In front of the horse it looks like some kind of furniture that has been lifted off the cart and left in the road  ready to be brought into one of the buildings or the carrying case for the photographer’s camera equipment

 

 

Description: C:\Users\EI4JR\Desktop\Malin Head Picture Brakedown\Shed.jpg

 

Attached to the tower is a small shed and possible toilet behind the left door. This is on the south side if the tower. We can see in the door on the right that is open evidence of sacks that are full and have been stored here.

 

 

Description: C:\Users\EI4JR\Desktop\Malin Head Picture Brakedown\Horse_2.jpg

 

In the distance is an animal. Its difficult to say what it is. By its size it could be a horse, cow or sheep

 

Description: C:\Users\EI4JR\Desktop\Malin Head Picture Brakedown\Window.jpg

 

Evidence of a new window that has been recently been put in as the cement round the window suggests this.

 

 

Description: C:\Users\EI4JR\Desktop\Malin Head Picture Brakedown\Phone_Wire.jpg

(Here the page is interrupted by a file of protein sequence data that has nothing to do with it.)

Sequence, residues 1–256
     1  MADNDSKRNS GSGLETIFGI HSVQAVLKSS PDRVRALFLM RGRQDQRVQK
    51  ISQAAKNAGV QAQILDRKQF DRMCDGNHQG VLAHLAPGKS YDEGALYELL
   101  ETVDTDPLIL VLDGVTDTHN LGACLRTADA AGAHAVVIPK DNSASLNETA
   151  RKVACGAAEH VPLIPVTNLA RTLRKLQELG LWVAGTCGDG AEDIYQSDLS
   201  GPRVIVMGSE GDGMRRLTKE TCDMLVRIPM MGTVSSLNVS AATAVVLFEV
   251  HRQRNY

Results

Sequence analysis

On the corner of the tower is the telephone bracket and insulator for the telephone wire. A telegraph line, operated by Lloyds, was connected by day to the nearest Post Office at Ballygorman about three miles away.

 

 

Description: C:\Users\EI4JR\Desktop\Malin Head Picture Brakedown\Chimly.jpg

 

Chimney pot on the tower with an anti-blow back pot on the top. This was need here because of the strong winds

 

Description: C:\Users\EI4JR\Desktop\Malin Head Picture Brakedown\Road.jpg

 

Below the animal on the hill is evidence of the road that leads to the tower and masts

Description: C:\Users\EI4JR\Desktop\Malin Head Picture Brakedown\Semaphore.jpg

 

Lloyds Semaphore arms at the top of the signaling tower. There are 2 arms that were used to make up the letters that were sent.

 

 

  Description: C:\Users\EI4JR\Desktop\Malin Head Picture Brakedown\Mast_Join_Bottom.jpg      Description: C:\Users\EI4JR\Desktop\Malin Head Picture Brakedown\Mast_Join.jpg